DCI implementation for PHP 5.4+
PHP
Switch branches/tags
Nothing to show
Clone or download
Fetching latest commit…
Cannot retrieve the latest commit at this time.
Permalink
Failed to load latest commit information.
src/KirkBushell/Fatty
tests
.gitignore
.travis.yml
README.md
composer.json
license.txt
phpunit.xml

README.md

Fatty

In short, Fatty is a DCI (Data, Context, and Interaction) implementation for PHP. It provides the ability to extend objects at runtime so as to minimize object instantiation and load, only providing the necessary methods when required. It is mostly beneficial for objects that can get quite large, thereby providing a method of breaking down classes into smaller bite-size pieces.

Why

Projects as they grow tend have classes that grow into monolithic objects. This can slow down object instantiation (though the performance benefit of using the DCI pattern is questionable), but really the main benefit is the improved code management across these objects. Instead of having a single object with hundreds, or even thousands of lines of code - you simply provide all the required functionality for the object to work in its basic form (validation rules, relationships.etc.) and provide extended functionality in what are known as decorators (think of it in the sense that you're decorating an object with another object's code).

Requirements

  • PHP 5.4+

Installation

Fatty can be installed via composer, simply by adding the following line to your composer.json:

{
    "require": {
        "kirkbushell/fatty", "*"
    }
}

and then run

composer install

This will install Fatty to the relevant vendor folder and make it available for your classes. Now, let's get to the meat of it - what exactly is/can Fatty do?

Let's take concept of a model as our use-case. Specifically, let's work with a User model. Users can have all sorts of crazy functionality tied to them, because most of our applications that we build are focused on users, but Fatty can be used for any class or object.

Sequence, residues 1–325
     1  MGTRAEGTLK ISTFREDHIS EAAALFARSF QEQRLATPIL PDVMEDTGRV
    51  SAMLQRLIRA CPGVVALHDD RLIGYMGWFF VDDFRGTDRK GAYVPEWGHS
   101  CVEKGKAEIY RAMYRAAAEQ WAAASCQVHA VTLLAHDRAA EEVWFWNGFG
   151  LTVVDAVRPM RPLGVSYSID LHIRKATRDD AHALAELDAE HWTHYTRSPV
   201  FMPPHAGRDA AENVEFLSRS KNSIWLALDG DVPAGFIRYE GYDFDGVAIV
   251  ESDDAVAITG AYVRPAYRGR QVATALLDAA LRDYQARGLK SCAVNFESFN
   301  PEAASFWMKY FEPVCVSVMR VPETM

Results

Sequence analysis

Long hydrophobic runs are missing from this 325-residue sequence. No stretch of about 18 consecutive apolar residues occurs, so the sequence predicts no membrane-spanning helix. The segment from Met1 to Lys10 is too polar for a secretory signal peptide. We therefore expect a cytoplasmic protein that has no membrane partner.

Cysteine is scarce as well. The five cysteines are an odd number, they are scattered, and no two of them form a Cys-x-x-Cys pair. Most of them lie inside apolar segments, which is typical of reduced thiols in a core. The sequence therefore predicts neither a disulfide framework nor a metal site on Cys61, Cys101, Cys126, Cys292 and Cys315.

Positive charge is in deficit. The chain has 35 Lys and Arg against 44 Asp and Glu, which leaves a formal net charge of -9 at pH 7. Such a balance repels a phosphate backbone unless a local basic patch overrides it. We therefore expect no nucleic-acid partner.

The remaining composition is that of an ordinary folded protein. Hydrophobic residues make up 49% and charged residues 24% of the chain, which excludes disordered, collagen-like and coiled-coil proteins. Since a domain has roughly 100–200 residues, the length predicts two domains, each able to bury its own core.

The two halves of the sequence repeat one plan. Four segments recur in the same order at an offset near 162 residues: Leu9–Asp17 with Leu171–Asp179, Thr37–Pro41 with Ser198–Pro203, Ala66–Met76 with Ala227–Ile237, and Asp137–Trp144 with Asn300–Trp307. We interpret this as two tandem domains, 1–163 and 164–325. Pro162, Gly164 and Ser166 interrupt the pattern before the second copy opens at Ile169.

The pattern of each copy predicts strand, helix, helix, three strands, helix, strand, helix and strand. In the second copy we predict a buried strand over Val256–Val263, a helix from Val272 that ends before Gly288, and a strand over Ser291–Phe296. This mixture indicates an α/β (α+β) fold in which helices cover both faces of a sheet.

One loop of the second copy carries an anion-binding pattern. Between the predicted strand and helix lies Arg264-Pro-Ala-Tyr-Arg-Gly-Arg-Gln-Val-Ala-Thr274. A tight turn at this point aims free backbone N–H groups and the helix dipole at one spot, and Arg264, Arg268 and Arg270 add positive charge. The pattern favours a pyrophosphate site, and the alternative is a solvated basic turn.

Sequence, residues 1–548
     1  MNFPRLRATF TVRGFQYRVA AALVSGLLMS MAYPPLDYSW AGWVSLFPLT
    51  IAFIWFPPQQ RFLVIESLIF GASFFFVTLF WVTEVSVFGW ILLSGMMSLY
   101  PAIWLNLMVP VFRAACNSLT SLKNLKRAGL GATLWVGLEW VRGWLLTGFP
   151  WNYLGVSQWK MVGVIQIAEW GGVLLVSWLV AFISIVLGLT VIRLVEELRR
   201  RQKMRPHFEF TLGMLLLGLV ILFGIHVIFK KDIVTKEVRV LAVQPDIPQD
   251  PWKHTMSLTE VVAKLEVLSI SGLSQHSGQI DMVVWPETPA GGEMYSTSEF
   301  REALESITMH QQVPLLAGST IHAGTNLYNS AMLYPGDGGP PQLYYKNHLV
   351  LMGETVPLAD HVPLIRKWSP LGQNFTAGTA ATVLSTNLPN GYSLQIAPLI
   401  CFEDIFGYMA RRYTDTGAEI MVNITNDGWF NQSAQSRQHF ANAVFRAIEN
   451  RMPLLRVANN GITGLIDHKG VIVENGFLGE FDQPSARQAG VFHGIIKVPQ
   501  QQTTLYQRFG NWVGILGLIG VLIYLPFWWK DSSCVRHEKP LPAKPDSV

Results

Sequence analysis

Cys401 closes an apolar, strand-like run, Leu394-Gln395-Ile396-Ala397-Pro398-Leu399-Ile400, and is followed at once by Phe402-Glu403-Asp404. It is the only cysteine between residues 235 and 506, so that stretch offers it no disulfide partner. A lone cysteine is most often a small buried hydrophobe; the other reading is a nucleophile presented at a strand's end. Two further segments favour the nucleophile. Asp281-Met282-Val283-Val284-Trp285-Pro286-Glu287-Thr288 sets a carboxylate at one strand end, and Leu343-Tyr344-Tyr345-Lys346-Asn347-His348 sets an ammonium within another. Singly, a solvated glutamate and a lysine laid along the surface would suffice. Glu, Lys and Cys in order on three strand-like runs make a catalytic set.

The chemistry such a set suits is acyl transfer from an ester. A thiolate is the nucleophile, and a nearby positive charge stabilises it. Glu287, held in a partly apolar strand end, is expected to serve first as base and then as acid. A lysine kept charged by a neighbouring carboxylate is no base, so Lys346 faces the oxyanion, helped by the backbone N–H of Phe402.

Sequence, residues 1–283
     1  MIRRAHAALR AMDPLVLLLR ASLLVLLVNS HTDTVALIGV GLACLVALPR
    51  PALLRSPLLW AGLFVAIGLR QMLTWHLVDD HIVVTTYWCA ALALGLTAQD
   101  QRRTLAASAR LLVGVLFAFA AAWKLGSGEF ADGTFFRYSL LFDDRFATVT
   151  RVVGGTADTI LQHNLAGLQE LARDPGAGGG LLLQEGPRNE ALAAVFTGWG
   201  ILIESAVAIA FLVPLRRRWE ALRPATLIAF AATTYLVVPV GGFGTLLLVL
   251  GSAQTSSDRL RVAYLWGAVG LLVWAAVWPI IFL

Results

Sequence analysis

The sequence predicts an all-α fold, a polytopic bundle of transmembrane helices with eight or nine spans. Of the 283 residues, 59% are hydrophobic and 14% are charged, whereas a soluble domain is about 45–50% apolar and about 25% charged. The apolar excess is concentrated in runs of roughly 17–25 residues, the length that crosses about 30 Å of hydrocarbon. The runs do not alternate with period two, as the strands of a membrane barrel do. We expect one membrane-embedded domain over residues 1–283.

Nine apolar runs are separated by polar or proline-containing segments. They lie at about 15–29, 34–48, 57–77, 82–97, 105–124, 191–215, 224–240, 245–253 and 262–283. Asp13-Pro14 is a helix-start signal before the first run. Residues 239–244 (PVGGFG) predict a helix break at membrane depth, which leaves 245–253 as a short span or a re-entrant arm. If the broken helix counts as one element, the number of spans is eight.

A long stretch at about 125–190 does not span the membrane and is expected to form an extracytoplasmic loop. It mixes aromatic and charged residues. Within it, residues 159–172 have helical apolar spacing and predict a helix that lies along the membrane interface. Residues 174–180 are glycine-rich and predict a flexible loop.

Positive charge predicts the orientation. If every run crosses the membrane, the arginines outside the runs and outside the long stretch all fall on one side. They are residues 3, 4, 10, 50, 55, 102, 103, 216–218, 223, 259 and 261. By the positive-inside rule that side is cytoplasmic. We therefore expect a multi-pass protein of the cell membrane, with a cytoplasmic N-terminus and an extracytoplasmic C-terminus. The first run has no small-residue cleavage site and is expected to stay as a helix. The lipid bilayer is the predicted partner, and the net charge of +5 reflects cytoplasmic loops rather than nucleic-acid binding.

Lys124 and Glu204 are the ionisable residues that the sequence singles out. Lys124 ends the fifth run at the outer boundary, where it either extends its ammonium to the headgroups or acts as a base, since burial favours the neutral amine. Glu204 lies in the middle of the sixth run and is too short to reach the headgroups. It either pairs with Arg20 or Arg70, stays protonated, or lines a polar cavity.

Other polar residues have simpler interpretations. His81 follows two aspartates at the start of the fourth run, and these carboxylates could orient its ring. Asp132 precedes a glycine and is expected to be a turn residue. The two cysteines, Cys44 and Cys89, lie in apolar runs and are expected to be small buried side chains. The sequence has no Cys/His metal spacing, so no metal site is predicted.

class User extends \Eloquent {
    use \KirkBushell\Fatty\Context;

    public function name() {
        echo $this->first_name . ' ' . $this->last_name;
    }
}

Pretty simple, right? We've setup a User class that has a basic method called name(). Because we're extending Eloquent, it's returning a string that aggregates the first_name and last_name fields together. We can safely assume that all users will have a first and last name, and so will probably need this method.

Now, what if our User class can represent many different types of users? Perhaps the user could be a customer, or a salesperson, or maybe a farmhand. These three different user types represent possibly very different functionality. For example, I can't imagine a customer wanting to plow a field, or a salesman wanting to purchase products. So, what we'll do, is extend the User object when necessary to provide this functionality.

This provides two main benefits:

  1. It ensures that the User class is lighter, meaning the object can be instantiated faster and
  2. It breaks up our user class into smaller chunks, ensuring code is easier to read and manage.

So how do we do this? Easy. Let's just take one of those examples, the farm hand that we mentioned before - and give that user type a new method called plow.

class Farmhand {
    public function plow() {
        return function() {
            echo 'Mr Plow, I\'m Mr Plow!';
        };
    }
}

By itself, this class will do nothing - but we can give it purpose. Let's fetch that user object.